Photographs by Mark Cohen.
Le Bal / Editions Xavier Barral,
188 pp., 169 color and black & white illustrations, 6¾x9½".
I became a surrealist because I kept walking around the same blocks, and I started taking a picture of a guy’s shoe. I didn’t know what I was doing exactly. I was just being led by whatever I would see.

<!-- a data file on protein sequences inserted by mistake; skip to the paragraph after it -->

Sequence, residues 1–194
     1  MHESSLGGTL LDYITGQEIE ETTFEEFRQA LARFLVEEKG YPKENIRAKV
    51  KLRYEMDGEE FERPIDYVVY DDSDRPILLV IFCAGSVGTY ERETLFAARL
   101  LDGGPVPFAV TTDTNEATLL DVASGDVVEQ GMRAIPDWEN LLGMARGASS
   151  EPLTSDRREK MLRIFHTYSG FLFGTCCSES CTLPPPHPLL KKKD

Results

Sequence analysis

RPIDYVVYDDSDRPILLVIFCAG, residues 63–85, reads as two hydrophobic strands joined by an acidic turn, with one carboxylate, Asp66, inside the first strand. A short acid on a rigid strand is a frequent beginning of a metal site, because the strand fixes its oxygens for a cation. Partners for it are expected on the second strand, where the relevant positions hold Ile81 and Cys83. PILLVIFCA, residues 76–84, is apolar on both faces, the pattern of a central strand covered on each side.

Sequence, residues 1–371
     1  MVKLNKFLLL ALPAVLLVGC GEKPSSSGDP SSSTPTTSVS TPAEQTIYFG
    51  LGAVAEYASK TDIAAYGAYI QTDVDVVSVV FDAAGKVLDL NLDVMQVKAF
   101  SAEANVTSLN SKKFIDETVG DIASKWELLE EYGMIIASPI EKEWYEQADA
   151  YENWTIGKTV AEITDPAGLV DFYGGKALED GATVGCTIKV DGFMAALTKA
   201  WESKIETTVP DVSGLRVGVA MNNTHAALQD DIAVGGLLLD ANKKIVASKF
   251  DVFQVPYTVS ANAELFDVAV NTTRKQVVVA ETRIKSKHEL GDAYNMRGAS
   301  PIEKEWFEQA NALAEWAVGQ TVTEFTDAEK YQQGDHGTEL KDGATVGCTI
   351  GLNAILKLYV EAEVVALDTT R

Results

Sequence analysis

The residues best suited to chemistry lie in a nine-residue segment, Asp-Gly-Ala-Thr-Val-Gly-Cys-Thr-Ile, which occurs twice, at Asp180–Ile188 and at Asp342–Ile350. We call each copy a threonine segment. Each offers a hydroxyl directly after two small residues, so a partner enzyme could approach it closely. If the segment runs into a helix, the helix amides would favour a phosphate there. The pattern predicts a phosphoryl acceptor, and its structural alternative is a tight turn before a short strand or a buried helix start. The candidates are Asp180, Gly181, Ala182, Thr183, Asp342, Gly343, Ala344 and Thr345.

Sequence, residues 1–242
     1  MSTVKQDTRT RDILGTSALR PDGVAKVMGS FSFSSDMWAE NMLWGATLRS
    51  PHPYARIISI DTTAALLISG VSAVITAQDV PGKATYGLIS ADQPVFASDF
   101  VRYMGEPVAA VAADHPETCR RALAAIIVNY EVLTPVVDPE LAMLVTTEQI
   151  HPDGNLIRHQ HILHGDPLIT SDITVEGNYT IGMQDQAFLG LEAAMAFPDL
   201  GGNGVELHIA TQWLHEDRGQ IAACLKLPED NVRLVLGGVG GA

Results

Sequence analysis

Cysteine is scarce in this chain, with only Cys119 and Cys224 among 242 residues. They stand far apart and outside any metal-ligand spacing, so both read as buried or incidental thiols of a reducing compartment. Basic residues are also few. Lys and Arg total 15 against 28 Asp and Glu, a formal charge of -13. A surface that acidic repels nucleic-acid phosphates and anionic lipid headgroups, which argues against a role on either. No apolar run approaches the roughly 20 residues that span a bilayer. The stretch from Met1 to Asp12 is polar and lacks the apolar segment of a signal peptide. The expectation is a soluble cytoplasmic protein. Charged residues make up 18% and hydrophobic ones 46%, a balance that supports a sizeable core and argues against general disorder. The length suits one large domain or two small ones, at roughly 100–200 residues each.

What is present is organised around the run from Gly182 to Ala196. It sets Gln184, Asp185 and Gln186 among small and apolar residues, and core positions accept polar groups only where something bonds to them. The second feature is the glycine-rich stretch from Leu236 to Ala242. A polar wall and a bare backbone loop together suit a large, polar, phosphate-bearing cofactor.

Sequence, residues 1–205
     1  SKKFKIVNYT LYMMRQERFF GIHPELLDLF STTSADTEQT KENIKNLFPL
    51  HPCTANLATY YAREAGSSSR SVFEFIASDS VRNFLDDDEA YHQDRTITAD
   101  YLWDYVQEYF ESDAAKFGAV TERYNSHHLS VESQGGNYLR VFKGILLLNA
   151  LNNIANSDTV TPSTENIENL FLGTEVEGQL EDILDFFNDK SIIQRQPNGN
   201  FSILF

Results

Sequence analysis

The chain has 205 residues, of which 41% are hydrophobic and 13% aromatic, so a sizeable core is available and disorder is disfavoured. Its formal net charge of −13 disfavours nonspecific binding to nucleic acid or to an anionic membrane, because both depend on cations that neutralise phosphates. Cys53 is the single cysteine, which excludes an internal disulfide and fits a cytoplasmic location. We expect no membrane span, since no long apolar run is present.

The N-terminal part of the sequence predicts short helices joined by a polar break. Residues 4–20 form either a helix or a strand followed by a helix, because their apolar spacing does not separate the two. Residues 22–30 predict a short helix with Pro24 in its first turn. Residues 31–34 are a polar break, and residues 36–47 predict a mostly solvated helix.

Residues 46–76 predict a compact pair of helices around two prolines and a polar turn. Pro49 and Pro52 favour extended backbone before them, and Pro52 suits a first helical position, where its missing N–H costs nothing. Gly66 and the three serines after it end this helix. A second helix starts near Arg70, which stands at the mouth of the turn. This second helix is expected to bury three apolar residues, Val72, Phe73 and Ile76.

Mark Cohen, a major figure in street photography since the 1970’s. He has been relentlessly photographing his home town, Wilkes-Barre in Pennsylvania and its surroundings. He wasn’t interested in drawing a social portrait of this coal town, he kept for more than forty years the distant eye of a stranger, always alert. On an impulse of a split second, Cohen would go very to close to his subjects to take what has become his iconic “grab shots” often blinding them with the artificial light of the flash. In black & white and in color, his photographs taken at arm’s length, without focusing most of the time, chop off fragments of gestures, postures or body parts that run over the frame leaving only torsos without face, hands, feet, pairs of legs or simply knees. From this dazzling combination of lines, these images convey a feeling of restless energy and strangeness to daily life.
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